Friday, September 07, 2007

The Religion Of Mazdak


Just as Mani's eclectic Faith was a pointer at the germs of decay in the Sasanian body-politic, so also Mazdak's teaching was a pointer at the inevitable downfall towards which the Sasanian Empire was heading. Mani came within one generation of the establishment of Sasanian rule in Iran; Mazdak came towards the end of that rule, about a century before the Empire was overthrown by the Arabs. Both these movements were fiercely and ruthlessly uprooted in the land of their origin, and to all outward appearance it seemed as if the authority of the theocratic state was amply vindicated. But the triumph over Mazdakism was short-lived. There is another similarity between these two movements: Zoroastrian, Christian and Islamic writers have poured unbounded vituperation against both. These unfriendly writings are our only sources of information regarding the teachings of Mazdak. As regards Mani a great deal of new and valuable information has come to light since the Turfan discoveries in 1902. These have shown Mani to have been a really great personage and the founder of a new Faith. But no such finds have yet been discovered to rehabilitate Mazdak.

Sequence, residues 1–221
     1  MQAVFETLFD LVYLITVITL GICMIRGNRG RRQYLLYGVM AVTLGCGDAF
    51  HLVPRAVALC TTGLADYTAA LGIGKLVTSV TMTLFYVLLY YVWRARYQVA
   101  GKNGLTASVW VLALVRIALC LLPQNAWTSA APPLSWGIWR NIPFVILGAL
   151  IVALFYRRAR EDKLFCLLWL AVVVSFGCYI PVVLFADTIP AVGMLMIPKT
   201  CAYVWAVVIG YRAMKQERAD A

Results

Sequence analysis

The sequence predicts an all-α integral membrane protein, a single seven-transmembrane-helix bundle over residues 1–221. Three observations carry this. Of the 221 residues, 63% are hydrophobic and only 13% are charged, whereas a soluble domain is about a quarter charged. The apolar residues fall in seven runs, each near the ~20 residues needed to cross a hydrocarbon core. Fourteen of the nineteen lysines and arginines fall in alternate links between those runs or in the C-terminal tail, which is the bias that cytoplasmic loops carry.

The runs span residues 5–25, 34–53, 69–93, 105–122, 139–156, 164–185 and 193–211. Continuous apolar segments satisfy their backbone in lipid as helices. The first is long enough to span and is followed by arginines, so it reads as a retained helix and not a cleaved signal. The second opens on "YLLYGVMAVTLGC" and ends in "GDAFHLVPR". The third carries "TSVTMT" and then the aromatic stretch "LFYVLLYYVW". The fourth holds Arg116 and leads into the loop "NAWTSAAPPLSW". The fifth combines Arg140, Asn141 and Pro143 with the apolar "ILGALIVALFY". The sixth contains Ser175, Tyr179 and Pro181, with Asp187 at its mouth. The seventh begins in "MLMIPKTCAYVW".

Still Mazdakism may be viewed as a symptom which indicated a deep-seated cancer in the body-politic of Sasanian Iran. Therefore we should judge this movement after accepting the principle embodied in the saying, "By their fruits shall ye know them".

The founder of the Sasanian dynasty was one of the supermen of history. He was a born leader of men and he led his country and his people to a renovated existence. A man of great fixity of purpose, he carried out to the full the task he had set before himself, and he left to his son a newly established empire, a renowated religion and hundreds of well-trained and enthusiastic men and women ready to carry on the work to its fulfilment. Shapur I, the son of the founder, Ardashir I, was worthy of his father, for he also was a great leader, far above the average. He established the new empire and completed the task of the revival of Zoroastrianism to the satisfaction of all concerned. He loyally carried out his father's admonition, regarding Faith and Royalty as brothers. He fixed firmly and finally the theocratic constitution of the newly established Sasanian empire. By this Zoroastrian clergy acquired powers second only to those possessed by the king himself. And naturally also the landed aristocracy of Iran came in for a good share of political power and emoluments.